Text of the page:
First off, I have become hopelessly addicted to these books. I have no control. I keep telling myself that I need to pace myself; I'll want some great mysteries to read for summer, but I keep going to the library and checking them out, three at a time, charging through them, then going back for three more. I highly recommend them, and, while I bet it would be nice to read them in order, it doesn't seem necessary.
Then, there is this coming up, beginning on Sunday night. I.am.so.pumped.
I was really little when the first Upstairs, Downstairs came on, but I've spent some of this winter trying to catch up via Netflix. It's an interesting exercise. The first episodes were shot in black and white, which was kind of distracting. It's all extremely low budget, and the actors seem to be overacting (and speaking extra loudly) as if they were on stage instead of on film. However, it is one of, if not, the most-loved Masterpiece series of all time. Over one billion people have seen it. That kind of blows my mind. So I am completely excited that they've decided on an updated version, yet still starring Jean Marsh and (the incomparable) Eileen Atkins, the original co-creators of the show. The script is written by Heidi Thomas who wrote my beloved "Cranford."
There's been a bit of competition between this and Downton Abbey, which has sort of a similar theme--the lives of the wealthy family upstairs and the servants downstairs. Jean Marsh got a bit squiffy about it in an interview, saying Downton is a poor imitation of Upstairs, Downstairs, so Hugh Bonneville (Lord Grantham from Downton) tweeted: "I thought Jean Marsh was bigger than that - running down Downton while bigging up Upstairs? Downton never downed Up when upping Down." Then Eileen Atkins volleyed back, "In the music hall, you have a warm-up act and then you have a star turn. I feel that Downton has been a fantastic warm-up." Whatever, I'm thrilled about them both and can't wait to watch the new Upstairs, Downstairs, which will be airing April 10, 17, and 24. You can read more about it here.
Lastly, we're going out on a limb this week and watching some network TV. (I basically have sworn off network TV for most of this past year, with the exception of one season of Dancing with the Stars solely because of this and this, which I am embarrassed of, but there you go.) But this Tuesday starts the second season of Jamie Oliver's Food Revolution. We didn't watch the first season where he went to Huntington, VA, which is the unhealthiest city in America, and helped revamp their school lunch program. In this second season, he's heading to Los Angeles. In the new issue of Better Homes and Gardens, they feature Jamie, some of his healthy, kid-friendly recipes, and an easy guide to planting your own small vegetable garden. Darren agreed to dig us the garden, and I ordered the seeds that Jamie said to (Darren said, "You know you can buy seeds at Farm-n-Fleet, Alice.") Jamie claims that anyone can grow vegetables, that if you just put a seed in the ground and give it water and sunlight, 8 1/2 times out of 10 it will grow. Those of you who know my plant-growing odds, I could certainly be in the 1 1/2 failure group, but the girls and I are going to give it a whirl. In fact, that's my blog plan for the summer--showing you a step-by-step of our garden plan and planting, any harvesting (I'm thinking positive!), and then our healthy cooking we'll be doing.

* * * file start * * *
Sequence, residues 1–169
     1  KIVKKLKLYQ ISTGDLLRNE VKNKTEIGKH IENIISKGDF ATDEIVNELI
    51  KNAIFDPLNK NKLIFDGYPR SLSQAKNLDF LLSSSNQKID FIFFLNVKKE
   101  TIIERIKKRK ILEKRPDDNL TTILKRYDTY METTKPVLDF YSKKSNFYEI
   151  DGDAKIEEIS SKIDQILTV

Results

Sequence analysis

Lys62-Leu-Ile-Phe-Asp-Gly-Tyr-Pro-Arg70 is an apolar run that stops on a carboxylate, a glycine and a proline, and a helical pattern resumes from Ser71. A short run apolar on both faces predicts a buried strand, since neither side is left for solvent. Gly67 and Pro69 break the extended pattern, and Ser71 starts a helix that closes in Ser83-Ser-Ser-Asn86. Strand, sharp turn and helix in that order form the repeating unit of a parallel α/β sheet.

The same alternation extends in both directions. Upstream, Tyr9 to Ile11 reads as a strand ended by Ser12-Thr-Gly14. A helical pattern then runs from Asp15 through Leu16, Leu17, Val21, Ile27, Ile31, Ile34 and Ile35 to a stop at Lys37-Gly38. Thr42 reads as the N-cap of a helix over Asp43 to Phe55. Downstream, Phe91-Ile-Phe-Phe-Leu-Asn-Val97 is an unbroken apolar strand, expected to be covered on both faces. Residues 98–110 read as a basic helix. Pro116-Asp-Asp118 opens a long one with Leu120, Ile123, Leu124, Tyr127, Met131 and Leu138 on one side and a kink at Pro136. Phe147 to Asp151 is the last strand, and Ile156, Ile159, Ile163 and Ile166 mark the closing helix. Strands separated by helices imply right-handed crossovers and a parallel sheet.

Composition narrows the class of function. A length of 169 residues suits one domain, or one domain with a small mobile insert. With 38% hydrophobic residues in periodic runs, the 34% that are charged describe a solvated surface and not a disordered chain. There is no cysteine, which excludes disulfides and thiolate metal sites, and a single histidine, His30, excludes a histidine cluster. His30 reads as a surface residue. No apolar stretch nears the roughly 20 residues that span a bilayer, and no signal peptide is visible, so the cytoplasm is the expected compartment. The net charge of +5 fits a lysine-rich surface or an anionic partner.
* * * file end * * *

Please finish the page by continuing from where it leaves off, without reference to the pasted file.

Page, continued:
I told Lucy, "Food Revolution starts this Tuesday, and I'll let you stay up an extra hour to watch it. I will tell you that it's reality TV and Jamie Oliver is known to say inappropriate words, so we may end up not watching it and just seeing small clips and reading his articles."
Lucy said, "Inappropriate words like the s-word and the d-word?"
Me: "Um, I think sooooo" (frantically thinking, "how does she know the s-word and d-word already?") until she said softly, "You know, Mom: S-T-U-P-I-D and D-U-M-B."
Here's a clip of Food Revolution (I am all about the clips today!)
There you go--plenty to read and watch for this spring!